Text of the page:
WordReference Random House Learner's Dictionary of American English © 2019
con•cil•i•ate /kənˈsɪliˌeɪt/USA pronunciation   v. [+ object], -at•ed, -at•ing. 
  1. to overcome the distrust or hostility of; placate;
    win the goodwill of: tried to conciliate the angry union members.
con•cil•i•at•ing, adj. 
con•cil•i•at•ing•ly, adv. 
con•cil•i•a•tion /kənˌsɪliˈeɪʃən/USA pronunciation  n. [uncountable]
con•cil•i•a•tor, n. [countable]

WordReference Random House Unabridged Dictionary of American English © 2019
con•cil•i•ate  (kən silē āt′),USA pronunciation v.,  -at•ed, -at•ing.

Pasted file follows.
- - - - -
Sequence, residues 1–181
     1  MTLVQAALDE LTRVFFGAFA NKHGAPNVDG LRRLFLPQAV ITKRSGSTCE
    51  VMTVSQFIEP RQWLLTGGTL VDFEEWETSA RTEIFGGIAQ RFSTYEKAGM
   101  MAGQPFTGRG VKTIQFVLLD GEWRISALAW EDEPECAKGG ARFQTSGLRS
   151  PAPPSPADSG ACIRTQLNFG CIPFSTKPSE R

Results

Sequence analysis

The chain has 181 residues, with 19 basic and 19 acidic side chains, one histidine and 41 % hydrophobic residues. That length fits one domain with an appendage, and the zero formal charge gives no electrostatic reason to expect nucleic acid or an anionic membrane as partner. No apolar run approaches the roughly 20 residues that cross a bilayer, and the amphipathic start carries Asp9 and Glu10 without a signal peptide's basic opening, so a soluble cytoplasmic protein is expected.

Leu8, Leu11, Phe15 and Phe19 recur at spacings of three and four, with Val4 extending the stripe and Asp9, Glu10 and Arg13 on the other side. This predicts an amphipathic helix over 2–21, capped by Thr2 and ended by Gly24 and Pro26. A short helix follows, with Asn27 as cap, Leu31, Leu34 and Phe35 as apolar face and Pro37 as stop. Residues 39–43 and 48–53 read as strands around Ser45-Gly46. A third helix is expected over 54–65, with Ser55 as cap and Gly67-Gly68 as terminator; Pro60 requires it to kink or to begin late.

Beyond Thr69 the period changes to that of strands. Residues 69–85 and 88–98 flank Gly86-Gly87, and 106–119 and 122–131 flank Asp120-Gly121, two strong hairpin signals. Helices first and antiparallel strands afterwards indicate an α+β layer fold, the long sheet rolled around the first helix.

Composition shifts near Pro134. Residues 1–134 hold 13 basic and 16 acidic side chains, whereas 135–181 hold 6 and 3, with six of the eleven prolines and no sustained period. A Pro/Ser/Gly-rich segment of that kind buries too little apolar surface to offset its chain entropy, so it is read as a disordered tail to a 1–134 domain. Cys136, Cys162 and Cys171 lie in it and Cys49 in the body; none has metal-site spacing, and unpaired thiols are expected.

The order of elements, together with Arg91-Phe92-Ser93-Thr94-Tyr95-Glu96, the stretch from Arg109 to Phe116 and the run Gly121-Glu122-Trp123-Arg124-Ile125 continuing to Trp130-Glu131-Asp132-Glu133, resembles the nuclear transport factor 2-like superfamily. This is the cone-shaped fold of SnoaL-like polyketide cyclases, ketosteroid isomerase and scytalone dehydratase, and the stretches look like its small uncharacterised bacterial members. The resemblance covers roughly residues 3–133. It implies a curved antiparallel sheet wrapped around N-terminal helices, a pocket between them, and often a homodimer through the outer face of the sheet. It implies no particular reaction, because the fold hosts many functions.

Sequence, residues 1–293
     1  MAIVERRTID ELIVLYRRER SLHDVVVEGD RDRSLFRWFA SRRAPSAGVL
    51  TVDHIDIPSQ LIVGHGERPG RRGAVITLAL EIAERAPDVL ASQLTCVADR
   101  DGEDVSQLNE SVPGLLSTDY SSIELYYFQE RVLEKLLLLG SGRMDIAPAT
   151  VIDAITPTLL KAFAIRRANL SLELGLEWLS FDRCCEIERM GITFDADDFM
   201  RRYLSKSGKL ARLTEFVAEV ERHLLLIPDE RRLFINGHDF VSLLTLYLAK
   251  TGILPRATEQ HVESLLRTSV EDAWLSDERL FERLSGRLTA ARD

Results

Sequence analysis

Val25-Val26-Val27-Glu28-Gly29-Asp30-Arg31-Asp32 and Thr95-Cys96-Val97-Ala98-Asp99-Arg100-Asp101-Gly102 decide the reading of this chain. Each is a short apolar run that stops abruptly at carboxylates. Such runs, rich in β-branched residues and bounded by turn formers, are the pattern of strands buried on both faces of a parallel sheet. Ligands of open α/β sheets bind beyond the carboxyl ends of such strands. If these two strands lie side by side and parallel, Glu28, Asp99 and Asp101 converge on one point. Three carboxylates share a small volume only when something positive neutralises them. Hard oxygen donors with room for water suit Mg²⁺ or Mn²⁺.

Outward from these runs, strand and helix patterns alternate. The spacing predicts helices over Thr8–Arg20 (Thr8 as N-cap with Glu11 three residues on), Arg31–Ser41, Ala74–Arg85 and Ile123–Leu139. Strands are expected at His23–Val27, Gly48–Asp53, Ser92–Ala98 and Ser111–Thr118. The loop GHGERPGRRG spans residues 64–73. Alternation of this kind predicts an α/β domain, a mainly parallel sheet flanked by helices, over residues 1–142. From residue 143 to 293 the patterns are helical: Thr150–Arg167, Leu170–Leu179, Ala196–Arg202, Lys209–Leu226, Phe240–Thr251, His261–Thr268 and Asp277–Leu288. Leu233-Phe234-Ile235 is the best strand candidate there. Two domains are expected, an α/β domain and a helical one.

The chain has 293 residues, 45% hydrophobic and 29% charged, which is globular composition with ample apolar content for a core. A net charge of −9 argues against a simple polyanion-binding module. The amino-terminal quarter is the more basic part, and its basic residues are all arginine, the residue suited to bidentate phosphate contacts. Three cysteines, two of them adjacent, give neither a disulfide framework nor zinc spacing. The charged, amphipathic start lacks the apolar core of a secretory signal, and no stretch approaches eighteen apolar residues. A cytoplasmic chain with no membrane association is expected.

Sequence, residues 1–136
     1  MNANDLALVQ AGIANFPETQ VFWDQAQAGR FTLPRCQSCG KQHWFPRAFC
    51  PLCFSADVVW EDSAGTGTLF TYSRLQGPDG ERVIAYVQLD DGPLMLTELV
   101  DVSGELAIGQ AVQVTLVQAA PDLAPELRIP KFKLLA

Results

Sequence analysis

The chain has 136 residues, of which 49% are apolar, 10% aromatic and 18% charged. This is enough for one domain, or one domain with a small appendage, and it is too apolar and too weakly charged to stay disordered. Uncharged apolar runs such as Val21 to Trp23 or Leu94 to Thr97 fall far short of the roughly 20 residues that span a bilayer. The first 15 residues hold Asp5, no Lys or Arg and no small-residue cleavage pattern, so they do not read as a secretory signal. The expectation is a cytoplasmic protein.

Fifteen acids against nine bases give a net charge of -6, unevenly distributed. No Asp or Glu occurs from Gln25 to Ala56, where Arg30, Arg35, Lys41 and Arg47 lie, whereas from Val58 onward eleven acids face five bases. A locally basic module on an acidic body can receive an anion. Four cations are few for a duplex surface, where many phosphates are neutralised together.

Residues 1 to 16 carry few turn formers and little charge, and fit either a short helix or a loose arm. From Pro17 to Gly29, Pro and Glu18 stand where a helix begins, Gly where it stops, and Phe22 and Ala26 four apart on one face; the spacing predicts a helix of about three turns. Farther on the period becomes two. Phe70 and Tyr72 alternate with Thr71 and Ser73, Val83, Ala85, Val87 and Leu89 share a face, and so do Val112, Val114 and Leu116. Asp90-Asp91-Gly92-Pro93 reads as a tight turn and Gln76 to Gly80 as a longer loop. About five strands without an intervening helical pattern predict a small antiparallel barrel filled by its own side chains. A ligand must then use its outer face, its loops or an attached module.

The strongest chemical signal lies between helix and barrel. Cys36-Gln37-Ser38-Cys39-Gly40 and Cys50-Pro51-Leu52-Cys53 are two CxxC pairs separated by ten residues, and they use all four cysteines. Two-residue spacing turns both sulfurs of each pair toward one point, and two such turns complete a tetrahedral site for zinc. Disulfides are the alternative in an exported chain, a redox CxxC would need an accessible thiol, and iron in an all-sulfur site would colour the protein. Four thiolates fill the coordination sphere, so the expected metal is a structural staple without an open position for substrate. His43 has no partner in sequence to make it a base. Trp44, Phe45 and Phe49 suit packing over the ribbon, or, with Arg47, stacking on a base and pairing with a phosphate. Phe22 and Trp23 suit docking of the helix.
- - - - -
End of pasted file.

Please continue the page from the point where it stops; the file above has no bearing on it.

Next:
1. to overcome the distrust or hostility of; placate;
    win over:to conciliate an angry competitor.
  2. to win or gain (goodwill, regard, or favor).
  3. to make compatible;

  1. to become agreeable or reconciled:Efforts to conciliate in the dispute proved fruitless.
con•cil•i•a•ble  (kən silē ə bəl),USA pronunciation adj.  con•cili•at′ing•ly, adv. 
con•cil′i•ation, n. 
  • Latin conciliātus (past participle of conciliāre to bring together, unite, equivalent. to concili(um) council + -ātus -ate1
  • 1540–50
    • 1.See corresponding entry in Unabridged See  appease. 

Collins Concise English Dictionary © HarperCollins Publishers::

conciliation /kənˌsɪlɪˈeɪʃən/ n
  1. the act or process of conciliating
  2. a method of helping the parties in a dispute to reach agreement, esp divorcing or separating couples to part amicably

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